Effect of body weight on osteopenia in ovariectomized rats
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Bilateral ovariectomies or sham surgeries were performed in female Sprague Dawley rats that were 78 days of age and weighed an average of 210 g. Food was available ad libitum to the control rats and to a group of ovariectomized rats (obese OVX). The food consumption of a second group of ovariectomized rats (weight-matched OVX) was restricted to match their body weights to those of the control rats. All rats were sacrificed at 14 weeks postovariectomy. Radioimmunoassay of terminal serum estradiol confirmed the success of ovariectomy. The estradiol concentration in control rats was 24.9±20.2 pg/ml, whereas the hormone was undetectable (<10 pg/ml) in both groups of OVX rats. The final body weights of control and weight-matched OVX rats were nearly identical (∼260 g). In contrast, obese OVX rats weighed significantly more than both of the above groups (∼320 g,P<0.001). The proximal tibia and lumbar vertebra were processed undecalcified for quantitative bone histomorphometry. Tibial trabecular bone volume (TBV) was determined to be 17.6±4.5%, 7.9±5.3%, and 3.6±3.1% for the control, obese OVX, and weight-matched OVX groups, respectively. Tibial TBV for both OVX groups was significantly less than the control value (P<0.001). The difference in tibial TBV between obese OVX and weight-matched OVX rats was also statistically significant (P<0.02). Histologic indices of bone resorption and formation were indicative of increased bone turnover in the proximal tibia of both OVX groups. In comparison to control rats, both groups of OVX rats exhibited a strong trend for a reduction in vertebral TBV, but no significant differences were observed among the three groups. Our results suggest that increased body weight provides partial protection against osteopenia in the long bones of OVX rats. However, it is important to note that this protective effect is only partial and that marked osteopenia develops in the long bones of OVX rats regardless of body weight.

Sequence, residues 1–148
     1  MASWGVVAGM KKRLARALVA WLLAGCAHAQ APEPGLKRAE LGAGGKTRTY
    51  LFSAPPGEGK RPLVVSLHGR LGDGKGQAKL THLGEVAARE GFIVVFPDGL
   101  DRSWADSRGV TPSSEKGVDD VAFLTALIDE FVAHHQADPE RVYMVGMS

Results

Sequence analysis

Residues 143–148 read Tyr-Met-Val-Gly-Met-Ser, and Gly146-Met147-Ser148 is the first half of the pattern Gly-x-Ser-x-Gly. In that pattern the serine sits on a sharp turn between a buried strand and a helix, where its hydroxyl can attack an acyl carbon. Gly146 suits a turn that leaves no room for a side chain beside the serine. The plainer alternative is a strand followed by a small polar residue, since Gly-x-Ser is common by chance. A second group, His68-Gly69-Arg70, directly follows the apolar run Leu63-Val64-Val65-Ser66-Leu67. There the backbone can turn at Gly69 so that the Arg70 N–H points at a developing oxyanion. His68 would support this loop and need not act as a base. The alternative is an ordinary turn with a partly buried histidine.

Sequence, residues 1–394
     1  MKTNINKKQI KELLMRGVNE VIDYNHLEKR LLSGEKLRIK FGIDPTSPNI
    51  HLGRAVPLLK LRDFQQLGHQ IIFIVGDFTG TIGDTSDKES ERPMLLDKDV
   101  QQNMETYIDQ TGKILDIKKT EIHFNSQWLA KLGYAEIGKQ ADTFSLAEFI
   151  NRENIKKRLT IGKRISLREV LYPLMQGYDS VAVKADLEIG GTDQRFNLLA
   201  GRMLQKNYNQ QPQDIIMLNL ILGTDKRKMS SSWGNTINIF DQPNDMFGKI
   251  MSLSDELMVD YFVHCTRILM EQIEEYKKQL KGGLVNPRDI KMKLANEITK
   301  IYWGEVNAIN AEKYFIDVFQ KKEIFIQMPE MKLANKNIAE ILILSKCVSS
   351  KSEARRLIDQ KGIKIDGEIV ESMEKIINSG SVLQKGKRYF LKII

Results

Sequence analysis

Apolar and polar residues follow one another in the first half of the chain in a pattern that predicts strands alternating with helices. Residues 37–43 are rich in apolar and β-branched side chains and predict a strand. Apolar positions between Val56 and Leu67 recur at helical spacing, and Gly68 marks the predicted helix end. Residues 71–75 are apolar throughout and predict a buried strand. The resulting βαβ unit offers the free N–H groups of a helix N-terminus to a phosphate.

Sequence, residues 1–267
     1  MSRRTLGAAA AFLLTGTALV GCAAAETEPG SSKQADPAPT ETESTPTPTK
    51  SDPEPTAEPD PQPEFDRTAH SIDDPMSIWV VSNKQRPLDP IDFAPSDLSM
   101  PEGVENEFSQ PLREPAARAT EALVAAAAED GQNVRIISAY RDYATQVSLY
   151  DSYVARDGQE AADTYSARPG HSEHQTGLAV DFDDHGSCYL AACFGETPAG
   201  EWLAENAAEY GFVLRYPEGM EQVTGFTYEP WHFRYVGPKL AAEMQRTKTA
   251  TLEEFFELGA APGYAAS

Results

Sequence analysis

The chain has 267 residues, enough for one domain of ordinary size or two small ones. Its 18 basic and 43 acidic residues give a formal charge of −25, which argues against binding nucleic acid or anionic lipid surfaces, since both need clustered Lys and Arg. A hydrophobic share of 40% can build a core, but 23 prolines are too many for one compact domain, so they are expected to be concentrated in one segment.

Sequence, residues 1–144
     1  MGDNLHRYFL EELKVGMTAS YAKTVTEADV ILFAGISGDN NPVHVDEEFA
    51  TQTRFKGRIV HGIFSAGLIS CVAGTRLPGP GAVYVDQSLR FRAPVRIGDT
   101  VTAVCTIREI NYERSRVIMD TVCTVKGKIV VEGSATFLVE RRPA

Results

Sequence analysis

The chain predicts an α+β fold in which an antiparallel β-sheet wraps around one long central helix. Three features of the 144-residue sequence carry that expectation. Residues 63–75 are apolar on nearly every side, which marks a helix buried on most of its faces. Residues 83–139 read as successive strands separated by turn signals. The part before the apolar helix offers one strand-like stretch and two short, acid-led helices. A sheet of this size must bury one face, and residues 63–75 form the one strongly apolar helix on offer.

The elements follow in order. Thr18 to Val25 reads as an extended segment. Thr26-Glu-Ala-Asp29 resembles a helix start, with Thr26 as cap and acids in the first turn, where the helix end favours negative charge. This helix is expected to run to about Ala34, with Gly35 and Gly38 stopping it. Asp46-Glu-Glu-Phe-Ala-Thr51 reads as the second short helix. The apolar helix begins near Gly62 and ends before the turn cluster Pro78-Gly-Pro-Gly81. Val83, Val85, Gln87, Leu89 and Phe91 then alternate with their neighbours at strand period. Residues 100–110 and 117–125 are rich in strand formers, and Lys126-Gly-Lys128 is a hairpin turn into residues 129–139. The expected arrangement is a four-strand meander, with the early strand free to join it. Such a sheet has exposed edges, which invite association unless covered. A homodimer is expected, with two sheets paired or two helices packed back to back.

Key wordsQuantitative bone histomorphometry Estrogen deficiency Body weight Osteopenia Bone turnover
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